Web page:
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Prime Minister Rishi Sunak’s efforts to tackle illegal immigration have encountered a significant setback as plans for a returns deal with Turkey, aimed at addressing the surge in Turkish nationals arriving in the UK via small boats, have collapsed. This development mirrors previous challenges faced in dealing with Rwanda and adds complexity to the government’s strategy.

The alarming increase in the number of Turkish nationals making the perilous 21-mile journey across the Channel, reaching 4,187 individuals from January 2022 to December 2023, prompted the government to seek a returns accord with Turkey. The objective was to replicate the success of the deal with Albania, which resulted in a 90% reduction in small boat crossings. However, an internal Home Office review raised doubts about Turkey’s suitability as a safe country for returns, citing concerns related to human rights violations.

The review highlighted that a significant portion, approximately 99%, of Turkish asylum cases in the UK were rooted in fear of the state, particularly political opponents of President Recep Tayyip Erdogan’s regime. It criticized Turkey’s application of anti-terrorism laws, raised questions about the independence of the judiciary, and brought attention to allegations of torture and ill-treatment in police custody and prison.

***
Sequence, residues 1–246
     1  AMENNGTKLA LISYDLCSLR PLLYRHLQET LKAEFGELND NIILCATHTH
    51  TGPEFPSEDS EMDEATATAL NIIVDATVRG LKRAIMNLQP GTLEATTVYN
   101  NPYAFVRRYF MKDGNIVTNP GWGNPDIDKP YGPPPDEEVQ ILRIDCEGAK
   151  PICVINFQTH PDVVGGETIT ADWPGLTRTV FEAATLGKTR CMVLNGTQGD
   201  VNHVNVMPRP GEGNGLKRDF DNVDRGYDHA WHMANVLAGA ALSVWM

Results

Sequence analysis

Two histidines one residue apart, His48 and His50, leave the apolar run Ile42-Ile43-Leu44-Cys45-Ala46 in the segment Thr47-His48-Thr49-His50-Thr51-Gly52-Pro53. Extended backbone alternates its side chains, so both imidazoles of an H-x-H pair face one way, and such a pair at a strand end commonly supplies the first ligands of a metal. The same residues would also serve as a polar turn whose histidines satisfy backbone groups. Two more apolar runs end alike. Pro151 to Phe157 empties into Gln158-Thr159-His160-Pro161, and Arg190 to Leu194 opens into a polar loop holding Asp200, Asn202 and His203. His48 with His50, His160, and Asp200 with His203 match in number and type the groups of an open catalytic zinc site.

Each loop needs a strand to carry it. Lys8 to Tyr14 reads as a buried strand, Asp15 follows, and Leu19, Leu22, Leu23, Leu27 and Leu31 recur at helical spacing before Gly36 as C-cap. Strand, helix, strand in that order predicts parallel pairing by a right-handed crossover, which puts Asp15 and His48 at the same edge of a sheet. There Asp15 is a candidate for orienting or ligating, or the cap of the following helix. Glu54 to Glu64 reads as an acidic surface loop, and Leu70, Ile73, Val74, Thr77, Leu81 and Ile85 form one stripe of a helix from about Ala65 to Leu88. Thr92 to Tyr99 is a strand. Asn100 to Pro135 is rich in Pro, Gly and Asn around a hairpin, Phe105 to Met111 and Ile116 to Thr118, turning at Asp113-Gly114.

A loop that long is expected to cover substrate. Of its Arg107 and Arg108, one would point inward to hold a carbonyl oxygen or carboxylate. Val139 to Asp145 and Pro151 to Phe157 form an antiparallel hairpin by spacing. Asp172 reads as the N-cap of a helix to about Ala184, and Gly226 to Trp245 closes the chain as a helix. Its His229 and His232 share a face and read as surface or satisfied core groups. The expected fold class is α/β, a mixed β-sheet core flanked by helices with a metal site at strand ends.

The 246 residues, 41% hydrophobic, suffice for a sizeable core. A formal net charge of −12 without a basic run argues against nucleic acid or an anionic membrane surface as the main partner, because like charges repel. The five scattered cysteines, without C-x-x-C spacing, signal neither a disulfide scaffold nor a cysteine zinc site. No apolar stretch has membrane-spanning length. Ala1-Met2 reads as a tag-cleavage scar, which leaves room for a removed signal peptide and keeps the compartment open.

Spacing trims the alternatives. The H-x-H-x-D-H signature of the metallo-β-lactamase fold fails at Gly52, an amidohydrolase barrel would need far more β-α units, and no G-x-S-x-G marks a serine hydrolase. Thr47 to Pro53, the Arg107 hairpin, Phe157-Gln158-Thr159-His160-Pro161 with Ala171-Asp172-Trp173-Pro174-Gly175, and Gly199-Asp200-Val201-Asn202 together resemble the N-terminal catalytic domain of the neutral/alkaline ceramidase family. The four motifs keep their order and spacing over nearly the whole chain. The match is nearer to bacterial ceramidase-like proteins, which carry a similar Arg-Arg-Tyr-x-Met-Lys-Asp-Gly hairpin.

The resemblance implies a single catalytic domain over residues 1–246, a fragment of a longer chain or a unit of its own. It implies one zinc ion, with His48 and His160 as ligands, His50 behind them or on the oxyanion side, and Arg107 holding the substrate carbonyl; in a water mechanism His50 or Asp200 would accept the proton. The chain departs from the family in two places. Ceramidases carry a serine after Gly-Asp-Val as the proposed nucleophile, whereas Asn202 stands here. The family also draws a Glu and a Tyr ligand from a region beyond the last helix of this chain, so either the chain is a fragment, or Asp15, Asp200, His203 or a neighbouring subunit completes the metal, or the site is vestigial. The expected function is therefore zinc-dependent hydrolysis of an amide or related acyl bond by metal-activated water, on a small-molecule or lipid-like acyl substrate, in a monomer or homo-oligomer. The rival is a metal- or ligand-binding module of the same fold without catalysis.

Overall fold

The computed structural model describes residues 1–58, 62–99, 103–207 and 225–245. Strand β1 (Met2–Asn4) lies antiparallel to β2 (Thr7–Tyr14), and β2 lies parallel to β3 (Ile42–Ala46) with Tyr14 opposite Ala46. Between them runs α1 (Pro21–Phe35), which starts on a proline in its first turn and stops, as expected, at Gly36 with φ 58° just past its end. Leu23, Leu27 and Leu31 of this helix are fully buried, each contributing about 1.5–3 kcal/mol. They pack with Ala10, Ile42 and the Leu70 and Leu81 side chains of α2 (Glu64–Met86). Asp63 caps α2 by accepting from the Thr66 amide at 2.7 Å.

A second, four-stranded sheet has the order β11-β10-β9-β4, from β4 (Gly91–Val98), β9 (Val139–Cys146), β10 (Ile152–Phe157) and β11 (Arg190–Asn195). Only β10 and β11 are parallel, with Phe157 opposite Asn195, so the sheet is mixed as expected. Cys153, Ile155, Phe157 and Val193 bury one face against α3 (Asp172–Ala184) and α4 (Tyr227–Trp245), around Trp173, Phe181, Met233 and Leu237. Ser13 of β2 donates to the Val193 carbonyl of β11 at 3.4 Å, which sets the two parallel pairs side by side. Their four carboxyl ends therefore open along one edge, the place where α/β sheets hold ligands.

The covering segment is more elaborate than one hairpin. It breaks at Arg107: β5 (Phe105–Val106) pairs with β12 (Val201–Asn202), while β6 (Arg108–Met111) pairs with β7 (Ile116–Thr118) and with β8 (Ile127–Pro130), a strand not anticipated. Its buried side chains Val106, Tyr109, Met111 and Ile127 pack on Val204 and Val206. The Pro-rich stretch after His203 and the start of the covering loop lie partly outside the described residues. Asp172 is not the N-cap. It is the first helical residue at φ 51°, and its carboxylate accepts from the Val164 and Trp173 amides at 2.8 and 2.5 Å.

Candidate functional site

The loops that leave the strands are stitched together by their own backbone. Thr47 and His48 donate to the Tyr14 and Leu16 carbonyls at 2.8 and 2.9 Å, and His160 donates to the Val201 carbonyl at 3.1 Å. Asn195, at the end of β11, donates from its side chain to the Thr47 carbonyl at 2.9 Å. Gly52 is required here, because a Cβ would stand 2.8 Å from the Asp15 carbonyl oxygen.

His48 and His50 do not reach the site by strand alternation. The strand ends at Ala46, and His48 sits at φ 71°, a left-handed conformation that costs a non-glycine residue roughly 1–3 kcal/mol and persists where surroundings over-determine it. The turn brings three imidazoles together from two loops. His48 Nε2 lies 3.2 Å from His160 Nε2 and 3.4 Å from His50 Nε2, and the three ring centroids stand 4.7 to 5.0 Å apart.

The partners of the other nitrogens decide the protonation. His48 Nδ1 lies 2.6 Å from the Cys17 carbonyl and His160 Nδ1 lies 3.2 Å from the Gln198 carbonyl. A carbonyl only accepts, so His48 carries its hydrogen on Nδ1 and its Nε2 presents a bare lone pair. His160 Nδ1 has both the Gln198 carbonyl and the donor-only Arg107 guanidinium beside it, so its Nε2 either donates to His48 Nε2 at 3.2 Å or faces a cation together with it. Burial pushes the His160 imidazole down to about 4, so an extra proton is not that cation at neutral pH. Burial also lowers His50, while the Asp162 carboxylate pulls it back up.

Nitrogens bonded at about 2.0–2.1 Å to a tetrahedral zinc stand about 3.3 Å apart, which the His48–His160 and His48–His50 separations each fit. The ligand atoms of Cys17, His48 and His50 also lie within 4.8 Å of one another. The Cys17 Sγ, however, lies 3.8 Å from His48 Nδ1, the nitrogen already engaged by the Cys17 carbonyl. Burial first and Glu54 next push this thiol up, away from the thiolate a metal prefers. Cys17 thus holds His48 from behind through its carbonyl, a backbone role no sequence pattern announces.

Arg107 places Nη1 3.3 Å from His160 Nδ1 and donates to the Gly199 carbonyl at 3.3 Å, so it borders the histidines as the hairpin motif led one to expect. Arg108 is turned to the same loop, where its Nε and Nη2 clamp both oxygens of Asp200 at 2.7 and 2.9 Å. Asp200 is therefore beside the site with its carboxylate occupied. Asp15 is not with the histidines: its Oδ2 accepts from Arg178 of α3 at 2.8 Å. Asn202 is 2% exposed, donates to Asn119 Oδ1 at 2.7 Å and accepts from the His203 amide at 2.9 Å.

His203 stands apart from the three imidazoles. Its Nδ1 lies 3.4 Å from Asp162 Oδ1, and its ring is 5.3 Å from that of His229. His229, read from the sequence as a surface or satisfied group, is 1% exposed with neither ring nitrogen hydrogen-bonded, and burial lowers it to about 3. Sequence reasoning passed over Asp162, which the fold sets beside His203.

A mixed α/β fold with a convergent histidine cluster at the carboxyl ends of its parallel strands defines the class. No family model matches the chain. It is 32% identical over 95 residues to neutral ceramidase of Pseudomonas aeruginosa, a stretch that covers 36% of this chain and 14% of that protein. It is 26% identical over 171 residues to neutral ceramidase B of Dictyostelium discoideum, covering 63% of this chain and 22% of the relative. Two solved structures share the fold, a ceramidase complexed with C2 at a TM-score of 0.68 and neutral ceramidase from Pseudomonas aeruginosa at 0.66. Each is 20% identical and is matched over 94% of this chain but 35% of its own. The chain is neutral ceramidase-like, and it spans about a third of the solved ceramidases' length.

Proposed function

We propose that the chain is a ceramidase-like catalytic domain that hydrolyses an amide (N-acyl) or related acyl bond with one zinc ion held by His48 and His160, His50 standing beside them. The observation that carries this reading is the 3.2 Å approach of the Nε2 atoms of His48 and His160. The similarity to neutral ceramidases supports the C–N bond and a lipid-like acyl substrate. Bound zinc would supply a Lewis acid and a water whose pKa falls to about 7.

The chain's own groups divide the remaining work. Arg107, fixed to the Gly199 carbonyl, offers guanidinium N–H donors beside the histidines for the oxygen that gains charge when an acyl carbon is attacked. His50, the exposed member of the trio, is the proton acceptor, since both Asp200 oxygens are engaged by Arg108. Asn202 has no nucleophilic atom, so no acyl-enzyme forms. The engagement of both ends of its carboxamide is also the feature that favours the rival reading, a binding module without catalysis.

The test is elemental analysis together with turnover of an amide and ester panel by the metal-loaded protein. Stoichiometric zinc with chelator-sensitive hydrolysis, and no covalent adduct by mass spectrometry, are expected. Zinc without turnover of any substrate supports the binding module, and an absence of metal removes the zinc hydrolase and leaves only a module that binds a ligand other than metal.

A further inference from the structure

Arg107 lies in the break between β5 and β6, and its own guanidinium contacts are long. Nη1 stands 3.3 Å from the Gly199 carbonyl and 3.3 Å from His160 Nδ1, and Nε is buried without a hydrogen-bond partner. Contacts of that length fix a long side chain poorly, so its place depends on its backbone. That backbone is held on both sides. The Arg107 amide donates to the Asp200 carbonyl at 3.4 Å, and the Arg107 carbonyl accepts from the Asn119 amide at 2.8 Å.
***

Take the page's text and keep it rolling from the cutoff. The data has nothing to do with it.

GBNEWS reported that the review also cast doubt on Turkey’s compliance with rulings from the European Court of Human Rights. Despite these concerns, Sunak faces pressure to comply with interim injunctions from the same court regarding deportations to Rwanda. Turkey’s geopolitical complexity, situated on the European Union’s fringe with a significant refugee population, makes it an attractive prospect for people smugglers.

Erdogan’s reluctance to agree to a deal stems from concerns about the potential influx of migrants returning to a country already burdened with hosting 3.6 million Syrian refugees and 320,000 from other war-torn regions. While the UK and Turkey have agreed to share live intelligence on people-smuggling gangs, negotiations on a returns deal remain delicate.

Recent Home Office figures reveal a 13% increase in migrants crossing the Channel in small boats in January, with a total of 29,437 arrivals in 2023. Despite these challenges, both countries prioritize maintaining their cooperative and valuable relationship, including intelligence sharing on smuggling activities.

In navigating this complex landscape, Sunak’s government grapples not only with legal hurdles but also geopolitical intricacies, balancing the imperative to control immigration with the necessity of preserving essential international relationships. The delicate dance of diplomacy, human rights considerations, and domestic security concerns further complicates the path to a viable solution.

As debates on immigration policy and international cooperation intensify, the fate of the returns deal with Turkey remains uncertain. The Prime Minister must navigate these challenges with prudence, acknowledging the legal and ethical dimensions while striving to address the pressing issue of illegal immigration. The delicate equilibrium between safeguarding national interests and upholding human rights forms the backdrop of this unfolding narrative.

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